News State Western Australia News Western Australia brings forward border reopening to March 3
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Western Australia brings forward border reopening to March 3

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WA Premier Mark McGowan is certain his anti-COVID measures saved lives.Photo: AAP
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Western Australia will end nearly two years of seclusion when its hard borders come down on March 3 after the premier conceded there was no prospect of stopping Omicron.

Fully vaccinated domestic travellers (triple-dosed if eligible) will be able to visit the state without having to quarantine, but unvaccinated travellers will remain locked out.

Making the announcement late Friday, Premier Mark McGowan insisted he would not backflip again after cancelling the state’s initial February 5 opening back in January.

As the state opens up, tougher public health measures will be introduced from Monday including extending the wearing of masks at indoor venues across the state.

It comes as residents of NSW, Victoria and the ACT are celebrating the winding back of restriction in those states, with dancing making a comeback on Friday night.

WA reported 194 new local cases on Friday and is on a trajectory to peak at 10,000 daily infections and four daily deaths at the end of March.

Mr McGowan acknowledged there was no prospect of stopping an outbreak which now numbers 794 active cases.

“Eventually there comes a point where the border is ineffective when you get to high case numbers within the state,” Mr McGowan told reporters.

“It’s plain to see that four weeks of caution has paid dividends. It means it is now far safer to relax our hard border settings.”

Mr McGowan gave an assurance that the “date is locked in”.

“I can’t foresee a situation where it would change. It’s only 12 days away so it’s a lot closer than last time,” he said.

The rest of Australia will finally be able to visit WA. Photo: Getty

WA’s ‘level one’ restrictions will come into effect in Perth, Peel, the South West, Great Southern and Pilbara regions, including a one person per two square metres rule at hospitality and entertainment venues, gyms, beauty services and places of worship.

Home gatherings will be limited to 30 people and private outdoor events in non-home settings to 200 people.

Visitor limits will also come into effect at hospitals and aged care venues, but people will not be required to work from home.

International travellers will also be allowed back in, but those who are unvaccinated must serve two weeks in hotel quarantine, with the number of unvaccinated overseas arrivals limited to 70 per week.

WA premier to isolate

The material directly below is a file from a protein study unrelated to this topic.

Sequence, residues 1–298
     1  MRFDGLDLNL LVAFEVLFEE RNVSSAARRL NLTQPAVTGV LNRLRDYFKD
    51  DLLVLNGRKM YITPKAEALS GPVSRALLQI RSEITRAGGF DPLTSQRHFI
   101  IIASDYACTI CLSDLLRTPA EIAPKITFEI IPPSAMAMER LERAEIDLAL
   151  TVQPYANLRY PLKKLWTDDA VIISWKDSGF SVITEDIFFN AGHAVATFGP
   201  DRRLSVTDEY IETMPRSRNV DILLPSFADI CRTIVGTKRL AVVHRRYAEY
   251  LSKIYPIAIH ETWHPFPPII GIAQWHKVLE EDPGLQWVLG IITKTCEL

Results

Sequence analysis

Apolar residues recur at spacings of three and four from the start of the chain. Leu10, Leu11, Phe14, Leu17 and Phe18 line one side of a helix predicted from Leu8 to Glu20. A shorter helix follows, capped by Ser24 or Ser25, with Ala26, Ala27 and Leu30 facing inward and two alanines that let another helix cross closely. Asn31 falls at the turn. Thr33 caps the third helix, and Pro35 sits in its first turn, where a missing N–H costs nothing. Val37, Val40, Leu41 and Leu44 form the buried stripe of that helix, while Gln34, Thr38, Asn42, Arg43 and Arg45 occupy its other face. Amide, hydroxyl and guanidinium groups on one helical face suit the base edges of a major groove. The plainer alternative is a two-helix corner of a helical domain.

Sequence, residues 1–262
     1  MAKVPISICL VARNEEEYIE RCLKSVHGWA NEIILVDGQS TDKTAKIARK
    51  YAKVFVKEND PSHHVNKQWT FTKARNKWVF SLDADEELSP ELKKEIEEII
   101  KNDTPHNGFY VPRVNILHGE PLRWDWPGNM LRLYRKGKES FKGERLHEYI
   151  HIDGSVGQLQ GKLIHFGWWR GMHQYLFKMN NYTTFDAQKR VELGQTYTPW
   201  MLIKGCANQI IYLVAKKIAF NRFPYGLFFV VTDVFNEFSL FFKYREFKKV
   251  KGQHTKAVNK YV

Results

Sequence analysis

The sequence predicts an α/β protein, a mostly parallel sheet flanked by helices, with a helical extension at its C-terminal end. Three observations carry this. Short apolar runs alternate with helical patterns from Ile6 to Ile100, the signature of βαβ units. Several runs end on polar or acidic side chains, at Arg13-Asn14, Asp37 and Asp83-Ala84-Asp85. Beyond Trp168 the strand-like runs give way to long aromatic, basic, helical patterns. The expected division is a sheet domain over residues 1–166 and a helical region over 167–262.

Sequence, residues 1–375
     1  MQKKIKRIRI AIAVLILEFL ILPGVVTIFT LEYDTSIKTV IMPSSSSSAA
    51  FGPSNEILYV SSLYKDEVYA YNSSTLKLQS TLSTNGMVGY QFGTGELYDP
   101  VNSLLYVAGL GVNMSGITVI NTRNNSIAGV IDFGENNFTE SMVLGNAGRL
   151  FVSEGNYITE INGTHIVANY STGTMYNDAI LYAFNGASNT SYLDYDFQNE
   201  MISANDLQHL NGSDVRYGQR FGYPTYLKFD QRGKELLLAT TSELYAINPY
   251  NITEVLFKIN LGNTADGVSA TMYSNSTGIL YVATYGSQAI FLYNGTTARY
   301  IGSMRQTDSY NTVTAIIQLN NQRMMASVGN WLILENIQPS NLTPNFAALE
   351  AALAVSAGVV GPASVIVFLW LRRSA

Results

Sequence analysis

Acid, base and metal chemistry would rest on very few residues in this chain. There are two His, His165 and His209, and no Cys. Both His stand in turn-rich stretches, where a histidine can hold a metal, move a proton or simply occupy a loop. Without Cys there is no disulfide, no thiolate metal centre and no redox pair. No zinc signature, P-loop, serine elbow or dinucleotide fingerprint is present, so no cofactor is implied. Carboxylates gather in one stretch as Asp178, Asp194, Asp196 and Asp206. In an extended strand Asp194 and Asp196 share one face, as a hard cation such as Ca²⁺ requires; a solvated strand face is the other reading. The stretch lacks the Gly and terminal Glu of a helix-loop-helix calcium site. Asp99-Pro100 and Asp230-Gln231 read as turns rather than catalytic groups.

The border will come down just days after Mr McGowan returns from testifying in a Federal Court defamation matter but he still intends to do one week quarantine.

The premier is due to fly to Sydney next Thursday to prepare to give evidence in the Federal Court defamation action launched against him by Clive Palmer.

He is expected to appear in court between February 26 and 28, meaning his quarantine period upon returning to WA will coincide with the border coming down.

But the premier says he’ll commit to a week in isolation regardless.

“It is a coincidence that when I return, the border will come down a couple of days later. It’s a coincidence I am unable to avoid,” he told reporters.

“But I’ll be doing seven days of quarantine. I’ll be working from a hotel room, doing the full seven days, just so there can be no argument that somehow this was put in place to benefit myself.”

Light up the dance floor

It’s time to hit the dance floor. Photo: Getty

Residents of NSW, Victoria and the ACT have enjoyed their first night back on the dance floor as the summer COVID-19 outbreak appears to be subsiding.

Health officials say cases have plateaued, with some also scrapping most QR check-in requirements and density limits.

Indoor dance floors reopened as part of a mass easing of restrictions on Friday, with the changes coming as calls grow for consistency in COVID restrictions across Australia.

AI Group chief executive Innes Willox says bringing myriad rules together Australia-wide should be a top priority for the next national cabinet meeting, due to be held in the second week of March.

Health Minister Greg Hunt said Australia had passed 53 million COVID-19 vaccines administered and more than 60 per cent of eligible people had received a booster.

But health experts are warning some restrictions may need to be reintroduced in the lead-up to winter.

University of Melbourne epidemiologist Tony Blakely welcomed the eased restrictions but warned new variants of the virus could emerge in the next few months.

“It’s like a tabletop mountain. We’ve gone up the curve, we’re coming down, and as we come down, that’s the time you release these restrictions,” he told the Seven Network on Friday.

“There will be some little bumps on the way into winter with extra infection happening amongst those people who weren’t infected in the first wave, and also some of us whose vaccine immunity wanes.”

Thirty-six deaths were reported nationally on Friday including 15 in NSW, 14 in Victoria, six in Queensland and one in the Northern Territory.

There were also 24,910 new COVID-19 cases recorded across Australia.

Case numbers included 9243 from NSW, 6935 in Victoria, 5797 in Queensland and 1027 in the NT.

The ACT and Tasmania recorded 561 and 623 new cases respectively.
WA recorded 194 local Omicron cases as the virus spreads to disability care and another aged home.

The state has 724 active cases but no one in hospital.

-with AAP